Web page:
Oh no! I’m sorry for leaving you hanging there.
Yikes! Fixed. Sorry about the confusion.
I think you may be right, but I’m still not entirely comfortable with the suggestion made there. I think we’re going to cut the line. You should see the change shortly Thanks Jags! If you hadn’t said anything, I wouldn’t have followed up.
When you listen to songs in your library and, I believe, in playlists, iTunes occasionally recommends songs — those songs show up as tracks in your library/playlist even though you don’t own them, and you can only listen to part of the song.
Running from door to door in RPGs is another great example. Maybe we're just less emotionally invested in games than we used to be. The gameplay of Diablo, more than most series, hasn't changed all that much - So it's an interesting way to gauge how we've changed over the years.
That does sound kind of terrible. Like you, I do actually care for the story. It's not shakespeare, but I like to know why I'm doing what I'm doing. Plus, having played the first two I am kind of invested.
Well that brings up a good point, actually. Most series go out of their way to appeal to a wider audience with every successful sequel. I'd say the changes to Diablo III has mostly refined the game to appeal to the series' most invested fans.
Deviating from my own question, I've been thinking a lot about how playing Diablo III makes me feel now, versus how I felt playing Diablo II when I was a kid.
Based on job listings and things people from Blizzard has said, it sounds like they're trying to figure out whether a console version would work. So I'd say it's 50/50... Maybe 60/40 against.
Thanks for the tip guys.
So mechanically, I already have a love/hate relationship with the new hotkey system. On the one hand, I definitely appreciate the fact that the standard attack doesn't have to using your weapon: For classes like the Witch Doctor and the Wizard that just makes a lot more sense.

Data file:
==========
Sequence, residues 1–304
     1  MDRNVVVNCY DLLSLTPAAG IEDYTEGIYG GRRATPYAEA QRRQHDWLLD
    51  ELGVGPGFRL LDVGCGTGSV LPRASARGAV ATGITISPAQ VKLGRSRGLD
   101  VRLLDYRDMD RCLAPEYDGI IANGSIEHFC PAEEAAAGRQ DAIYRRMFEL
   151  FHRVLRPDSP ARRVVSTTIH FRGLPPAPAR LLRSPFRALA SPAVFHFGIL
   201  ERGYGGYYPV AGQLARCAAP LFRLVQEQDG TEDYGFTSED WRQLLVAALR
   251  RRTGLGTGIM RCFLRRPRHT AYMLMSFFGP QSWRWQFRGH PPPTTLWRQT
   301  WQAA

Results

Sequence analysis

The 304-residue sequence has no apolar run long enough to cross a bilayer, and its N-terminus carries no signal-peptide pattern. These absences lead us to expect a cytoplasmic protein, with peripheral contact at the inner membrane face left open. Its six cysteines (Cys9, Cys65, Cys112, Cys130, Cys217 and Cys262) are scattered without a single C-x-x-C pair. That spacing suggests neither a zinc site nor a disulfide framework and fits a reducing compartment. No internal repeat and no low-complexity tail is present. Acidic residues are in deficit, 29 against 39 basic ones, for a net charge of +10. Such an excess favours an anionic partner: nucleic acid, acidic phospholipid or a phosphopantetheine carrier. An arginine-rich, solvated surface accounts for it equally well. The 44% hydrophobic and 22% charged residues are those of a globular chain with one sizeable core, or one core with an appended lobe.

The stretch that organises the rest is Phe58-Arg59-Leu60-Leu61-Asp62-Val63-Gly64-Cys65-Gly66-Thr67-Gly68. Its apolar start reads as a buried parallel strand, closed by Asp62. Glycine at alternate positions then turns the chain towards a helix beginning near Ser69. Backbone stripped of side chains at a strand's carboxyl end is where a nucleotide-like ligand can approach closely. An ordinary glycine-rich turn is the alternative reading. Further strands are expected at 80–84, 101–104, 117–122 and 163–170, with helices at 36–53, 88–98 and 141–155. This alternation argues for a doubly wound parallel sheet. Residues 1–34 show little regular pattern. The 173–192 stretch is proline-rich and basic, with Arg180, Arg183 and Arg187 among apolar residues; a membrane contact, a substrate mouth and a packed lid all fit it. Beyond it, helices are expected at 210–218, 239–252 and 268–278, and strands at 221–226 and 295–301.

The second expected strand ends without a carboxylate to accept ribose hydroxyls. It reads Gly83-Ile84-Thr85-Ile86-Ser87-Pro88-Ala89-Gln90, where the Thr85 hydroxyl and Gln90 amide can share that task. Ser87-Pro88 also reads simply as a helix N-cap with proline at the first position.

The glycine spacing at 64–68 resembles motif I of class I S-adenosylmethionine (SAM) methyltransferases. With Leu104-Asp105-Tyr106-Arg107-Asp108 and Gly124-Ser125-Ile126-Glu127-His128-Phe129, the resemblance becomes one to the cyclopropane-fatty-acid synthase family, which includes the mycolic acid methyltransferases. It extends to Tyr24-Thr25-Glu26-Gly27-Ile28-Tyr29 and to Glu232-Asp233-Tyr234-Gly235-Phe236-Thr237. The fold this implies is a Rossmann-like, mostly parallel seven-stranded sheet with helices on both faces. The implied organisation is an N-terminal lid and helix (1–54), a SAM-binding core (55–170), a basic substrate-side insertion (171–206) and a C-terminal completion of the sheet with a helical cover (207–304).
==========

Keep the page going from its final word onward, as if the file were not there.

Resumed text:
You don't think the fact so many players would experience the same plot, even if they made many stories and randomized them, would take away from the idea that every single player is a part of the war?
Speaking of tactics and the galaxy map, what was the point of separating the map into regions? I get that they're tied to the levels, but played in one versus another didn't seem to change my rate of readiness for one area or another.
How would you have integrated it more? I feel like adding on a more specific story might've made the mode feel more tacked on, especially if it wasn't especially compelling. That said, I definitely would've liked it if there were a military ranking system and/or some way to connect your MP characters with the main…
Let's talk about the equipment packs - the random assortments of equipment add this collectible card game-like feeling. At first the addictive quality seemed great - I don't think there's anything bad about a game making you want to play more - but eventually I got to same place I got as a kid collecting cards: I…
Please post your ideas for what the Game Club should play next in THIS thread. I know it annoys people when half the conversations aren't about the game, so please try and keep them here.
See I disagree with that second point. I think the ending is culmination of every choice you've made in all three games because it's asking you make a decision based on everything Shepard's ever done.
No I did, but I didn't do it that often, especially in ME2. I've been playing on Normal, so it wasn't as crucial to use the pause to strategize.
Has anyone else tried the voice commands yet? I used powers infrequently in last two Mass Effect games because of the menu system, and having a way to the full range of abilities at my disposal at all times has definitely changed the way I play.